What is exactly is Genetic Testing?
Genetic testing is the study of your DNA makeup throughout the generations which can lead to variants resulting in certain hereditary diseases.
What is a Genetic Disease?
A genetic disease1 is any condition caused by an abnormal variant in the genetic makeup of any individual. Genetic abnormalities can range from miniature to gargantuan – an insignificant mutation in a single base of the DNA to an immense chromosomal abnormality in the sets of a DNA sequence would cause inherited diseases.
Certain people inherit genetic disorders from their parents – however, while genes may be passed through preexisting conditions down the ancestral line, certain genetic mutations can occur either randomly or due to some natural circumstances such as the physical environment.
One can make an educated guess based on preexisting family medical history, but one doesn’t know for certain unless you take a Disease Susceptibility Genetic Test (DSGT).
Hereditary or Inherited Conditions
Hereditary diseases are something that “runs in the family” through generations, these are passed down from older to younger generations, they may also be called inherited diseases.
Inherited Conditions passed throughout generations:
Cancer is a genetic disorder wherein inherited genetic mutations in the body uncontrollably grow abnormal cells anywhere in the body, there are more than 200 types of cancer.
Did you know that a single Map My Gene’s Disease Susceptibility Genetic Test (DSGT) gives you accurate test results for over 20 types of cancer cells?
2. Cardiovascular Disease (CVD)
According to the WHO (World Health Organisation), Cardiovascular Disease is now the leading cause of death worldwide2. The cardiovascular or circulatory system which contains the heart, arteries, veins, and capillaries – supplies the body with blood. Although genetics does play a big part in cardiovascular disease, obesity, smoking, poor sleep, and stress also contribute to the deterioration of the cardiovascular system.
By using genetic DNA testing, you can manage your body weight, do regular exercises, have regular sleep, quit smoking, and follow a heart-healthy diet to prevent cardiovascular disease.
3. Alzheimer’s Disease
Alzheimer’s Disease3 is a brain disorder is the most common cause of dementia in elderly people, it is caused by an abnormal buildup of proteins in the brain, which causes healthy neurons to stop functioning and to lose connections with other neurons. As Alzheimer’s disease affects the hippocampus first, the most evident symptoms of Alzheimer’s disease are memory loss and mild cognitive impairment.
The apolipoprotein E (APOE) gene and its variant APOE ε4 on chromosome 194, increases a person’s risk of developing Alzheimer’s disease. Genetic testing is used by medical professionals to diagnose inherited early-onset Alzheimer’s disease and to test people with a strong genetic hereditary history of Alzheimer’s.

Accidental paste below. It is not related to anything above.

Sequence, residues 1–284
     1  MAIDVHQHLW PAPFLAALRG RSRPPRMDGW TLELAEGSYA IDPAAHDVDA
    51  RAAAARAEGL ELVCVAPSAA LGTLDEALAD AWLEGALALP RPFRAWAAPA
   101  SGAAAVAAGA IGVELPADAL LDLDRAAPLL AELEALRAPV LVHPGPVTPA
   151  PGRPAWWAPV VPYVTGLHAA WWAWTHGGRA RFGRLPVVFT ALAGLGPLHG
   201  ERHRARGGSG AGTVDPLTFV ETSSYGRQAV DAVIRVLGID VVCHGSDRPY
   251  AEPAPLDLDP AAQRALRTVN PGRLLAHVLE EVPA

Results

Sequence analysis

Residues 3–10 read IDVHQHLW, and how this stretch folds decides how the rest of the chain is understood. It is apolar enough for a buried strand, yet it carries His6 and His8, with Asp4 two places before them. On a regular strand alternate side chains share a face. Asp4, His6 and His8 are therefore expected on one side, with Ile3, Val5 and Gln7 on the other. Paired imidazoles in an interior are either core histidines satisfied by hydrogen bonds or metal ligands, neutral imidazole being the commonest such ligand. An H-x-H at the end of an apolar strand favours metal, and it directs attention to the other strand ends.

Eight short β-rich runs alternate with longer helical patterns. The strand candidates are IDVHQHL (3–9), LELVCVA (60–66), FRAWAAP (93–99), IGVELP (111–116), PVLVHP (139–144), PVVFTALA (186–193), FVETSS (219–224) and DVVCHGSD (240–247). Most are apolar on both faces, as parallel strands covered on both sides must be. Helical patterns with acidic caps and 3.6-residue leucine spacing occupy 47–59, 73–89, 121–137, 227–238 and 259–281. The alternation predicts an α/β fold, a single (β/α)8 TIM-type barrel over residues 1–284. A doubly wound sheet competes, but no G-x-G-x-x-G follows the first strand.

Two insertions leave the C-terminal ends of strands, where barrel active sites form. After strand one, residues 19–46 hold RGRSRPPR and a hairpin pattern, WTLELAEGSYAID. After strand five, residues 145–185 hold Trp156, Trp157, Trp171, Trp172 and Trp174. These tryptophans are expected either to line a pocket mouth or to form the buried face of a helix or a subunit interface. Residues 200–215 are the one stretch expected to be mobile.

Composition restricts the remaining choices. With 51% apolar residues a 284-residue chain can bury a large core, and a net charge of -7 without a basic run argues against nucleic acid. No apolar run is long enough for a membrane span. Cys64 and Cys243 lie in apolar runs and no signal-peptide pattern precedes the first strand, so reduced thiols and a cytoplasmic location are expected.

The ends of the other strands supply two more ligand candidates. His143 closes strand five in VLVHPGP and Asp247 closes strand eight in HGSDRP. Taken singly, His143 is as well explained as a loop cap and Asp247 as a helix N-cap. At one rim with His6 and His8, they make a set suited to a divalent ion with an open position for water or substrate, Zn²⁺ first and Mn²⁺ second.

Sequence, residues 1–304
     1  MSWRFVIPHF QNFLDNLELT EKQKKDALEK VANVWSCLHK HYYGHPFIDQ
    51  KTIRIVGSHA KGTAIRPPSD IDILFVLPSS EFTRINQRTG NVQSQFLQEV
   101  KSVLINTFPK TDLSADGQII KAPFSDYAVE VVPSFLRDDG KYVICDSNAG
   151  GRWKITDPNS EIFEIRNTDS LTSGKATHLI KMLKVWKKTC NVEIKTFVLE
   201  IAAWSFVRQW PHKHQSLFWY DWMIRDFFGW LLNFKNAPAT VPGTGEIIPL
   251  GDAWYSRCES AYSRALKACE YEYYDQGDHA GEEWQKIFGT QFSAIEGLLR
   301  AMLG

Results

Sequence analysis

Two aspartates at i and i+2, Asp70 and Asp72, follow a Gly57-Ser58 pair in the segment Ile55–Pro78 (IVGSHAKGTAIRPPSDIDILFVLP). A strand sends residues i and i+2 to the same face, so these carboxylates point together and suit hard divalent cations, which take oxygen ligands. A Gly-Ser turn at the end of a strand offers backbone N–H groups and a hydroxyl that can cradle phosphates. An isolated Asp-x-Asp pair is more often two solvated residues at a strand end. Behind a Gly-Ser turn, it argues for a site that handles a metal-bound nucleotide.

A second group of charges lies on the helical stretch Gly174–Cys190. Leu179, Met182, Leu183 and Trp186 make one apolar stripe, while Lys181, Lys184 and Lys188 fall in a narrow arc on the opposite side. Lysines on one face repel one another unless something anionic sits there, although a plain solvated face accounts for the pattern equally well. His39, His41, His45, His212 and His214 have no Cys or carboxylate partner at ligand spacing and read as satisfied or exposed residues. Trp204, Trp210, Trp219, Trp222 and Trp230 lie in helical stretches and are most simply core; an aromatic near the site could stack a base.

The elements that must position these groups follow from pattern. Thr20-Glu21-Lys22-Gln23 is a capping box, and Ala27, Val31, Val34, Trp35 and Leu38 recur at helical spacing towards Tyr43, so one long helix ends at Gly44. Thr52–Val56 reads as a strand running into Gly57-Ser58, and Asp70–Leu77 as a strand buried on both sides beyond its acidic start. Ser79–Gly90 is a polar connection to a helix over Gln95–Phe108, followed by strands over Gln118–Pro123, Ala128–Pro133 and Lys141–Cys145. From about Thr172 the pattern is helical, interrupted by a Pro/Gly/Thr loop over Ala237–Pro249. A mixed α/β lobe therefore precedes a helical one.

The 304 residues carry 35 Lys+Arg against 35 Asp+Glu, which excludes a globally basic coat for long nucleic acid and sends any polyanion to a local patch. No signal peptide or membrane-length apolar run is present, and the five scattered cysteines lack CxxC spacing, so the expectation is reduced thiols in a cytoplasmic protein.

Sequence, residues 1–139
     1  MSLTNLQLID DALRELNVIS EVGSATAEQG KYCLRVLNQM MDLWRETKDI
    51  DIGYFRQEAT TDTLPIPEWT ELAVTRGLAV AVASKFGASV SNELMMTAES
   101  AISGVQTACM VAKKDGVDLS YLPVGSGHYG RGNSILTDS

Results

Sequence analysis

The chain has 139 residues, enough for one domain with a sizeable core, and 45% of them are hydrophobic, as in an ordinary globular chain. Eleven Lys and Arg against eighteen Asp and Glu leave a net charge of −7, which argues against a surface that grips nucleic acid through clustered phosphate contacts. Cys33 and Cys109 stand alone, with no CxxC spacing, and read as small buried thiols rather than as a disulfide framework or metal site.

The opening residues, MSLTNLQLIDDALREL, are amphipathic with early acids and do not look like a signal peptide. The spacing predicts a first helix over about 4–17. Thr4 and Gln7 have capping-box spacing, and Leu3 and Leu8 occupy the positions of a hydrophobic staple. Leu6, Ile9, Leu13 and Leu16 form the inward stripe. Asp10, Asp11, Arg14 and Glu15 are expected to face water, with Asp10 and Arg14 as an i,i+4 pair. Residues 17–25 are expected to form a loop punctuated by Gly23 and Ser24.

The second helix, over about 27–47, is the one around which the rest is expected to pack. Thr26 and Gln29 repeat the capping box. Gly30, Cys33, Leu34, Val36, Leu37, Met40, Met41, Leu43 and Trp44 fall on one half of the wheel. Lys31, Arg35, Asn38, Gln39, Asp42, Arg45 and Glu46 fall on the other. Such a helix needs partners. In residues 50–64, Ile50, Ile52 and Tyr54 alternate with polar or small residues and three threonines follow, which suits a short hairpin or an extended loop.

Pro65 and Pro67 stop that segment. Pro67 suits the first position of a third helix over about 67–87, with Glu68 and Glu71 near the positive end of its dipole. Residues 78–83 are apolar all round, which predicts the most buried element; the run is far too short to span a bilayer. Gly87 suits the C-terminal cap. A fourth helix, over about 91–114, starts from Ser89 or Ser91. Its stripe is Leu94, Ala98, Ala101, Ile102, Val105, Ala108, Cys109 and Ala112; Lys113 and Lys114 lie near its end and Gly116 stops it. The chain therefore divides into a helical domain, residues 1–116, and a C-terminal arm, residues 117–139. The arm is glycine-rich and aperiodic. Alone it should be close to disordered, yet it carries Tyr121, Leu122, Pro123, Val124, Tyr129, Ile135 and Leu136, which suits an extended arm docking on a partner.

If Alzheimer’s is detected early, a healthy diet, sufficient exercise, social engagement, and mentally stimulating activities have all been correlated to healthy ageing.
Medical conditions5 have several biomedical meanings including “an unhealthy state”, “a progressive condition” and a “precondition”. Medical conditions, like illnesses, affect our ability to function or enjoy life.
From the vantage point of personal health, genetics testing can detect medical conditions and other health risks earlier – this allows time for one to not only take control of their lifestyle and change it for the better – but also allow time for prompt and proactive treatment. Medical conditions detectable through DNA testing:
1. Chronic Kidney Disease
Chronic kidney disease is a long-term condition which kidneys don’t process blood the way they should, chronic kidney disease would eventually lead to kidney failure.
Research has shown that hereditary kidney conditions6 constitute substantial significant risk for the development of End Stage Renal Disease (ESRD).
By using genome-wide association studies7, identifying common susceptibility variants underlying the diseases and is suitable for study of complex diseases. Gene mapping is recommended to conduct a genome-wide association study to examine the genetic factors that affect many common and complex diseases in the genome.
Arthritis8 is an inflammation of the joints, or more specifically, cartilage, it can affect one joint or multiple joints, creating a breakdown of cartilage tissues.
There are 100 different types of arthritis – most common being Osteoarthritis (OA) and Rheumatoid Arthritis (RA), both types can be detected earlier by using DNA mapping.
Rheumatoid Arthritis is an autoimmune disorder where your immune system attacks the tissues of the body, the exact cause of these attacks is unknown, but certain genetic markers increase your risk of developing RA by five times.
If arthritis is detected earlier, you can change your lifestyle habits – losing weight, having a healthy diet, and having regular exercise like swimming will reduce joint pressure on the body.
Diabetes9 is a disorder in which the body’s insulin levels are unbalanced – genetic mutations in the body that cause diabetes involve the proteins that function improperly. This results in the body’s inability to produce enough insulin or respond normally to insulin. As insulin controls the blood sugar level, diabetics will usually have an unusually high level of insulin. This genetic vulnerability makes some people more susceptible to an environmental factor of diabetes.
Both type 1 and type 2 diabetes are inherited, however not everyone who has the group of genes will develop it. Most people who inherit the genes for type 2 diabetes have a greater chance of developing it.
If one uses genetic testing early to check for the diabetic gene, they can control their diet and have a healthy lifestyle to prevent severe diabetic implications in the future.